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Federal incentives are driving more first home buyers into the market

  • July 27 2021
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Federal incentives are driving more first home buyers into the market

By Fergus Halliday
July 27 2021

While property prices continue to grow, new research suggests that the government’s current crop of first home buyer incentives is having an impact on this segment of the market.  

Federal incentives are driving more first home buyers into the market, but rising prices remain a challenge

Federal incentives are driving more first home buyers into the market

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  • July 27 2021
  • Share

While property prices continue to grow, new research suggests that the government’s current crop of first home buyer incentives is having an impact on this segment of the market.  

Federal incentives are driving more first home buyers into the market, but rising prices remain a challenge

The numbers don’t lie: Australia’s property market is a battleground between rising prices and first home buyer incentives.

Commenting on the release of new market research, NAB executive Andy Kerr said that momentum and confidence in the market has continued to drive strong results in recent months.

Despite the challenges presented by recent COVID-19 outbreaks and lockdowns, Mr Kerr said that NAB “recently saw our strongest month of home lending on record in June, which is a sign of very strong demand”.

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Although Mr Kerr acknowledged some headwinds “in slower population growth and the impact of rising house prices”, he predicted that low rates and government programs like the First Home Loan Deposit Scheme will “continue to drive a strong housing market”.

Introduced back in 2017 and boosted in this year’s federal budget, the First Home Super Saver Scheme (FHSSS) allows eligible first home buyers to withdraw up to $50,000 in voluntary super contributions early for the purpose of raising a deposit for a property.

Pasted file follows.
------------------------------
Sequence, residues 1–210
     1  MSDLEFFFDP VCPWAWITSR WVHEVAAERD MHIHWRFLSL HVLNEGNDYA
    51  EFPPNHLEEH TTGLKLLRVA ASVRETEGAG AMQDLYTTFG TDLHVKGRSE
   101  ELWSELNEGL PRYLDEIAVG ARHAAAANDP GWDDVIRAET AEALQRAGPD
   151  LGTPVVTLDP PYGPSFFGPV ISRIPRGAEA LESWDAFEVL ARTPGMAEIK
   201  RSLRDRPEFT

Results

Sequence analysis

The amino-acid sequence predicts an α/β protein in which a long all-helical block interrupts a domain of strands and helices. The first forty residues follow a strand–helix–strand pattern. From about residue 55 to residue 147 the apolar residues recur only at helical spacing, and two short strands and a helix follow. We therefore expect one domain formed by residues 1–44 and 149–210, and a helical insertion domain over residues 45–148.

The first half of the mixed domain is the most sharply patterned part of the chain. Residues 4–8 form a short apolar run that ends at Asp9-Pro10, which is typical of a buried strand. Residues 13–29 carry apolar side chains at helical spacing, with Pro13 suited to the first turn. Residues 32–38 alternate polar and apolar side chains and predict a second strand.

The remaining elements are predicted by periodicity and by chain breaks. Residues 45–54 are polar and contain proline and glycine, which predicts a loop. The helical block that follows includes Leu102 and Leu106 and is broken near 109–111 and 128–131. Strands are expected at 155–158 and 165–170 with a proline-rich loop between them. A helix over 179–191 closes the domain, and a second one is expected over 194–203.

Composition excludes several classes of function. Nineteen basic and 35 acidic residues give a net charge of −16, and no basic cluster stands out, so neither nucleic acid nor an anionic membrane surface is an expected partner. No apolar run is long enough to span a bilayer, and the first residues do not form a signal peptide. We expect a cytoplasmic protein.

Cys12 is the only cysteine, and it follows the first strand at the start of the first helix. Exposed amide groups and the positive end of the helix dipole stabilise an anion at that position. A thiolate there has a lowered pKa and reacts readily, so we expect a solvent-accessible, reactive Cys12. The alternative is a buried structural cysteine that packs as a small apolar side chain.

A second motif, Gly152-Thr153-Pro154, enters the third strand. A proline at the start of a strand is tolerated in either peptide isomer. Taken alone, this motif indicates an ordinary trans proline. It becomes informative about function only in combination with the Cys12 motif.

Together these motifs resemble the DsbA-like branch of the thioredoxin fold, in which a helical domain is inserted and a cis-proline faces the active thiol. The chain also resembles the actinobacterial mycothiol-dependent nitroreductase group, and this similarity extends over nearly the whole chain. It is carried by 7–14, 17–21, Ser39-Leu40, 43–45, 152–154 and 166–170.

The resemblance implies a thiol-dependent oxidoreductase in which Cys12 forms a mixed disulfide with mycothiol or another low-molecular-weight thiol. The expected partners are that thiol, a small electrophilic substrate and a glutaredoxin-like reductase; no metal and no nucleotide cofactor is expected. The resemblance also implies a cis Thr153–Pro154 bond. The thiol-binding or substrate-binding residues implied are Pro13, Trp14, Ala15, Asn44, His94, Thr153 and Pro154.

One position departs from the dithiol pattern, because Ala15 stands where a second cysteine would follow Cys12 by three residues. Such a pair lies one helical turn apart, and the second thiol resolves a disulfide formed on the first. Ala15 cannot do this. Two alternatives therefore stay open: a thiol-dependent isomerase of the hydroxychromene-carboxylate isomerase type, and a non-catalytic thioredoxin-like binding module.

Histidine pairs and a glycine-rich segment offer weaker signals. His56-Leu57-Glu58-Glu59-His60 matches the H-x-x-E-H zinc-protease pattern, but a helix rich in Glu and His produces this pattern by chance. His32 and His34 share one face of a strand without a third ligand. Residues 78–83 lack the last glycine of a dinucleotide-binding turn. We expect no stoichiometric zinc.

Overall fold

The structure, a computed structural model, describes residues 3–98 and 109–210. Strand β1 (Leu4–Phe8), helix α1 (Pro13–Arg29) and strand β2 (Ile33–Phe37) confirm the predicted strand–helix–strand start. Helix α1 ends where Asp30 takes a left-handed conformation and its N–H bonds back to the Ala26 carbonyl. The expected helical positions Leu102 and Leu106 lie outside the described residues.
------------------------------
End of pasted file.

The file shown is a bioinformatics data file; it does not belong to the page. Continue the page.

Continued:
While the scheme hasn’t been without controversy, Mr Kerr noted that “confidence in the housing market continues to improve, and that shows in the amount of activity we are seeing through mortgage applications”.

Mr Kerr said that despite the current lockdowns impacting the lives of many Australians, “there is still appetite for conversations with customers to buy a home”, with more than a third of appointments in the last week conducted via video call. 

NAB also found that half of surveyed first home buyers said they were more willing to buy new than they were two years ago. Northern Territory recorded the highest increase here, at 83 per cent, while NSW held the lowest spot on the table at 46 per cent. 

Attributing this trend to the government’s current cadre of first home incentive schemes, NAB noted that the level of owner-occupiers has risen to 34.9 per cent, up from 30.1 per cent in the first quarter of 2021. 

They found that buyers in this segment were most active in NSW, accounting for 38.5 per cent of home buyers. Queensland scored similarly high at 37.5 per cent. Western Australia and South Australia tied last at 30 per cent. 

While incentives like the FHSSS are driving additional first home buyers into the market, NAB also found that rising house prices are continuing to have a significant impact on first home buyers.

NAB noted that this impact was highest in NSW and the ACT. Meanwhile, the impact of house prices for first home buyers was lowest in the NT, “where median house prices are also the lowest in the country”.

Federal incentives are driving more first home buyers into the market
Federal incentives are driving more first home buyers into the market, but rising prices remain a challenge
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About the author

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Fergus is a journalist for Momentum Media's nestegg and Smart Property Investment. He likes to write about money, markets, how innovation is changing the financial landscape and how younger consumers can achieve their goals in unpredictable times. 

About the author

author image
Fergus Halliday

Fergus is a journalist for Momentum Media's nestegg and Smart Property Investment. He likes to write about money, markets, how innovation is changing the financial landscape and how younger consumers can achieve their goals in unpredictable times. 

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